Justice Rekha Palli noted that while the rules mandated appointment of a key managerial person or a senior employee as CCO, Twitter "disclosed in its affidavit that it had appointed a 'contingent worker' through a third party contractor.
The Delhi High Court Wednesday expressed displeasure over Twitter Inc appointing a ‘contingent worker’ as Chief Compliance Officer (CCO) and said the microblogging platform was non-compliant with the new Information Technology (IT) Rules. Justice Rekha Palli noted that while the rules mandated appointment of a key managerial person or a senior employee as CCO, Twitter “disclosed in its affidavit that it had appointed a ‘contingent worker’ through a third party contractor.
He (CCO) is categorical (in his affidavit) that he is not an employee. This itself is in the teeth of the rule. There has to be some seriousness about the rule. Some sanctity has to be given,” the court remarked. The court added that it had reservations with respect to the usage of the term “contingent worker” by Twitter especially when it was not known who the third party contractor was.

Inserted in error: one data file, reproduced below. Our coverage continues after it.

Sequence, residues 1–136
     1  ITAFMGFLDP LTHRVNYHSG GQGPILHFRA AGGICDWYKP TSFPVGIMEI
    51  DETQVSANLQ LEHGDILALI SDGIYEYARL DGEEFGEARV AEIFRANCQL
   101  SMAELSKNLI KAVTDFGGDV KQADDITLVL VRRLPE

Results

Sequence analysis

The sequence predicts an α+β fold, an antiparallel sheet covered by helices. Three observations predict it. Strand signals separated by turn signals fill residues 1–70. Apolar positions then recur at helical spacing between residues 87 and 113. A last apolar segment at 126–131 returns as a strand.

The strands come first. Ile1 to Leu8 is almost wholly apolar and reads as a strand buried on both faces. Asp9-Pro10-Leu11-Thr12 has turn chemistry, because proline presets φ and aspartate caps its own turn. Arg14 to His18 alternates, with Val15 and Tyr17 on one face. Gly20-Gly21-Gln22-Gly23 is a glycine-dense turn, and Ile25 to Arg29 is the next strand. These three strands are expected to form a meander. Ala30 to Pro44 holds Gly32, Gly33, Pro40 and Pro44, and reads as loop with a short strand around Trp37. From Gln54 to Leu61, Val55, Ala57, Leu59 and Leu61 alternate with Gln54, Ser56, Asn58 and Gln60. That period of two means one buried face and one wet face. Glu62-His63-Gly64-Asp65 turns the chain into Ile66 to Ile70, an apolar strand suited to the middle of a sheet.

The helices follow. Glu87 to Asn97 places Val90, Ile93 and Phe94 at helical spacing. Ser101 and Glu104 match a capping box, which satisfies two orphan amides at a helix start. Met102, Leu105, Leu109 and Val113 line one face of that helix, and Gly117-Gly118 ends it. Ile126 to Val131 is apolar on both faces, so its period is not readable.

“What is this contingent worker? I don’t know what it would mean. I have a problem with the word. Contingent then third party contractor! What is this? I am not happy with the affidavit,” the judge told Twitter. The court said Twitter’s affidavit was unacceptable and asked it to comply with the rules whole-heartedly. File a better affidavit. This is not acceptable. I’m giving you a long rope but don’t expect the court to do it on and on. Disclose the name of the third party contractor and explain contingent,” the court said as it granted a week’s time to Twitter to file the new affidavit.
The court further directed Twitter to not only disclose all the details pertaining to the appointment of the CCO as well as the Resident Grievance Officer (RGO) but also clarify as to why a Nodal Contact Person had not been appointed yet and by when the position will be filled.